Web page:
*Direct correspondence to Sheldon Danziger, Henry J. Meyer Distinguished University Professor, Gerald R. Ford School of Public Policy, University of Michigan, 1015 E. Huron St., Ann Arbor, MI 48104-1689 〈firstname.lastname@example.org〉. This study used data from the Women's Employment Study (WES), a unique data set that includes extensive personal information about welfare recipients in one community. To protect the confidentiality of respondents, human subjects' restrictions preclude dissemination of the data outside the WES study team. This research was supported in part by grants from the Charles Stewart Mott Foundation, the Joyce Foundation, the John D. and Catherine T. MacArthur Foundation, the Substance Abuse Policy Research Program of the Robert Wood Johnson Foundation, the National Institute of Child Health and Human Development (P50-HD38986), and the National Institute of Mental Health (R24-MH51363). Rachel Dunifon, Julia Hastings, Julia Henly, Jordan Matsudaira, Harold Pollack, and two anonymous referees provided helpful comments on a previous draft.
Failing the Transition from Welfare to Work: Women Chronically Disconnected from Employment and Cash Welfare*
Article first published online: 9 MAY 2006
Social Science Quarterly
Volume 87, Issue 2, pages 227–249, June 2006
How to Cite
Turner, L. J., Danziger, S. and Seefeldt, K. S. (2006), Failing the Transition from Welfare to Work: Women Chronically Disconnected from Employment and Cash Welfare. Social Science Quarterly, 87: 227–249. doi: 10.1111/j.1540-6237.2006.00378.x
- Issue published online: 9 MAY 2006
- Article first published online: 9 MAY 2006
Objectives. Although employment among welfare mothers increased substantially following the 1996 welfare reform, some former welfare recipients failed to find stable employment. We review the extent to which low-income mothers are without work and cash welfare for long periods of time and seek to understand the correlates of becoming chronically disconnected.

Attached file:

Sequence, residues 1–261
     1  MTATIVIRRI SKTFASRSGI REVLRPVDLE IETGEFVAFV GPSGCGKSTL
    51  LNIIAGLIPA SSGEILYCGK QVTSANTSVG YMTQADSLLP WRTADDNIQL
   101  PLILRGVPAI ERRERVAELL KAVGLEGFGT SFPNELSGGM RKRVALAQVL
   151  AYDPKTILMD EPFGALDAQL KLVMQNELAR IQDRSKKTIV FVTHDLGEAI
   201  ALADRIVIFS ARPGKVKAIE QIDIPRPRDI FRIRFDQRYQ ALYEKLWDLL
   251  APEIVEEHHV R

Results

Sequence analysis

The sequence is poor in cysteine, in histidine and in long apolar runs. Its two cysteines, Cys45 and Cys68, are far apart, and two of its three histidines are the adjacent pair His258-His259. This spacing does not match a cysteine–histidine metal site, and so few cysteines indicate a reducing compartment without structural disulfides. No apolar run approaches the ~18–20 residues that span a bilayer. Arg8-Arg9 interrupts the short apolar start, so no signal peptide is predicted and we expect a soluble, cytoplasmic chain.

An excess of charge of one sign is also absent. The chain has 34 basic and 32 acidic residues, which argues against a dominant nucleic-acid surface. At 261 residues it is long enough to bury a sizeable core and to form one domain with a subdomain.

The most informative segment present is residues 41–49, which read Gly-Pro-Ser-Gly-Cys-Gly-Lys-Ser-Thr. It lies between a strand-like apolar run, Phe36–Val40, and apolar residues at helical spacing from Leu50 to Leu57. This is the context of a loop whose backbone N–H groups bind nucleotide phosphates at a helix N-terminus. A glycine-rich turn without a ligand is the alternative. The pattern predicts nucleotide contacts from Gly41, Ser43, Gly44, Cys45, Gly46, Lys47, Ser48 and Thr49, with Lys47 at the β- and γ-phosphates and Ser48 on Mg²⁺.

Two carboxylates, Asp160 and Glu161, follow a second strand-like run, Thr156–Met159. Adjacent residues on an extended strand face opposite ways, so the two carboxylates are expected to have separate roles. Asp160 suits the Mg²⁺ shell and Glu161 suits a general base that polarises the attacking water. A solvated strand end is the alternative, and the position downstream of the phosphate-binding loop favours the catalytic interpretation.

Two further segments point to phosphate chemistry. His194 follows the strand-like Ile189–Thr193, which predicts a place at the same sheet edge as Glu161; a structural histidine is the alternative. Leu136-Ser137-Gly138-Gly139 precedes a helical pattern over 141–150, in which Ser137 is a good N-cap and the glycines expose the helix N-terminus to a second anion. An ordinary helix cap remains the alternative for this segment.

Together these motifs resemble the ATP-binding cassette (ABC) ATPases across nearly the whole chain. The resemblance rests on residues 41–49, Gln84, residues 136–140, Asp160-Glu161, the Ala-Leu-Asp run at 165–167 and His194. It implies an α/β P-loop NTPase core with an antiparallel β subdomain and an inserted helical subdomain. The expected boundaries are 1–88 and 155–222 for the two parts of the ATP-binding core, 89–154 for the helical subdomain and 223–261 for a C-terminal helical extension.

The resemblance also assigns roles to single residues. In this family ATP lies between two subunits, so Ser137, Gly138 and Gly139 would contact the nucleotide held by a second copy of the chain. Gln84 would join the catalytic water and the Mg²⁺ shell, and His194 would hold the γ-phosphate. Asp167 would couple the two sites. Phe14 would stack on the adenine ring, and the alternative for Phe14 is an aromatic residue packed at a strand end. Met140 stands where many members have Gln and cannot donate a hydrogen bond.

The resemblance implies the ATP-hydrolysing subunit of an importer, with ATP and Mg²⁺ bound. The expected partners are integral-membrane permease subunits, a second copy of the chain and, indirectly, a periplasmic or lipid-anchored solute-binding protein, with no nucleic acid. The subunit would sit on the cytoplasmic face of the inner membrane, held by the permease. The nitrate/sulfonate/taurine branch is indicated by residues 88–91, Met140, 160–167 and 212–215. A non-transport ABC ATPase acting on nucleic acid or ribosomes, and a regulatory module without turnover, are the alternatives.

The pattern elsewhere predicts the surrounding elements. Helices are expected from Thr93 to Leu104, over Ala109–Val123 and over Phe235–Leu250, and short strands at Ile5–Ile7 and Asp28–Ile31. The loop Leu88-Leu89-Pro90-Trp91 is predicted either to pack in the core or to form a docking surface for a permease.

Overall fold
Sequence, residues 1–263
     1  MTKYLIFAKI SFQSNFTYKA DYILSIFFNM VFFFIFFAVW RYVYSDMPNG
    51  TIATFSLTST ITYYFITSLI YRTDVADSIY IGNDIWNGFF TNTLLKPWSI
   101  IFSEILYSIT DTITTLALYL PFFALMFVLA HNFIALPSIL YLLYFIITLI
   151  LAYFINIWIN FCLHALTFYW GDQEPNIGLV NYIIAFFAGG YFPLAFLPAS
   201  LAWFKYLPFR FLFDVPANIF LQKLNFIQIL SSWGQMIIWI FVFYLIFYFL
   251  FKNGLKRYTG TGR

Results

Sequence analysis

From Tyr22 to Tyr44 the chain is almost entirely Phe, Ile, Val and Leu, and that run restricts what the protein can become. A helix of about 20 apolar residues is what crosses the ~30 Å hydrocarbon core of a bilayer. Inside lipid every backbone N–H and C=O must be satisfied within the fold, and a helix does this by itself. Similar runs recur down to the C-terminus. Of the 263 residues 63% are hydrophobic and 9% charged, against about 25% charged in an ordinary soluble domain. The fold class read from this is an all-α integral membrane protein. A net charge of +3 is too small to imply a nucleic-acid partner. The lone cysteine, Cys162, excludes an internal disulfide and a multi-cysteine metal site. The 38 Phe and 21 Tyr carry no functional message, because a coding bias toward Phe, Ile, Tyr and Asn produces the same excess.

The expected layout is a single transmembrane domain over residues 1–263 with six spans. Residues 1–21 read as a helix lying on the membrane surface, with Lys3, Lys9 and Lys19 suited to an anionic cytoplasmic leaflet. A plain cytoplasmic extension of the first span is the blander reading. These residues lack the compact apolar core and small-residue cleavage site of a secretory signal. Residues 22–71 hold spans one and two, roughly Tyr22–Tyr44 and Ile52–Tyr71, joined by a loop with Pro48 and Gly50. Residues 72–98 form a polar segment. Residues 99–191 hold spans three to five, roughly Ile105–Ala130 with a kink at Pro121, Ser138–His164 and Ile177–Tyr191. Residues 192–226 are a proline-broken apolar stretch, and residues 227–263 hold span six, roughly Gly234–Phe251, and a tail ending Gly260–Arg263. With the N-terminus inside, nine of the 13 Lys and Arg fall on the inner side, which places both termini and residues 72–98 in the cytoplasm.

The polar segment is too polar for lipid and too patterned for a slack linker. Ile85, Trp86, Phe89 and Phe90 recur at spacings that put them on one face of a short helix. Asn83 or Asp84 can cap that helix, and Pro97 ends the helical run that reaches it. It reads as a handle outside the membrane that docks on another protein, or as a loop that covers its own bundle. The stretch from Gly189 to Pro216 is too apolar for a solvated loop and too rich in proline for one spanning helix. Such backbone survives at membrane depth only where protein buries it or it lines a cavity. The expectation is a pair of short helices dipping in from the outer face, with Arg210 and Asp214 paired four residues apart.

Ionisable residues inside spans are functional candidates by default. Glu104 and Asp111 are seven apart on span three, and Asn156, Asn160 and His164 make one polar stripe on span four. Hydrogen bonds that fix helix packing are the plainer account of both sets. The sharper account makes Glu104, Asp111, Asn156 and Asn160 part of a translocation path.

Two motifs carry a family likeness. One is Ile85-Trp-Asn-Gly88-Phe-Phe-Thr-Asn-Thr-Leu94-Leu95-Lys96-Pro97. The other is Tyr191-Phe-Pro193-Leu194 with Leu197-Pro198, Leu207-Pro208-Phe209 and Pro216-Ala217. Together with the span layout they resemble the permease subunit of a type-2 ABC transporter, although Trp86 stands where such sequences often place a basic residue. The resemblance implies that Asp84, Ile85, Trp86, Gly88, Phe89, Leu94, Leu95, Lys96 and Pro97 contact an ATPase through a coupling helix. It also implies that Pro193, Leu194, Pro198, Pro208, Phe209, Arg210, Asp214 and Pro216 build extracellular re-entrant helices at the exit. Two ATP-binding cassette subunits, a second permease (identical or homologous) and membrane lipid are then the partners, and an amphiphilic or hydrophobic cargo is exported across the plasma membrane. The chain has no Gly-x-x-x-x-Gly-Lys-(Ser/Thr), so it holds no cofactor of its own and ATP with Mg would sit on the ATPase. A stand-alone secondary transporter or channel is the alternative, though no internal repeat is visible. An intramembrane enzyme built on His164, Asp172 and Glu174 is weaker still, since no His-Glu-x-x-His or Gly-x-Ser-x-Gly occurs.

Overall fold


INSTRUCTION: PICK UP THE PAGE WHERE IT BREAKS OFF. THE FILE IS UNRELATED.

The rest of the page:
Methods. We analyze data from a 1997–2003 panel study of single mothers who received cash welfare in an urban county in Michigan in February 1997. We develop a new measure of the extent to which former recipients are “chronically disconnected” from both employment and cash welfare and estimate regression models of the correlates of this economic outcome.
Results. About 9 percent of respondents became chronically disconnected, defined as being without employment and cash welfare during at least one-quarter of the months during the 79-month study period. Important correlates of becoming chronically disconnected include having a physical limitation, having a learning disability, using illegal drugs or meeting the diagnostic screening criteria for alcohol dependence, and having no car or driver license. The chronically disconnected are more likely to have lost a job than to have lost welfare benefits and are more economically disadvantaged than those with regular sources of economic support.
Conclusions. To reduce the number of women who fail to make a successful transition from welfare to work, more attention should be given to programs and policies that attempt to reconnect disconnected women to regular sources of economic support.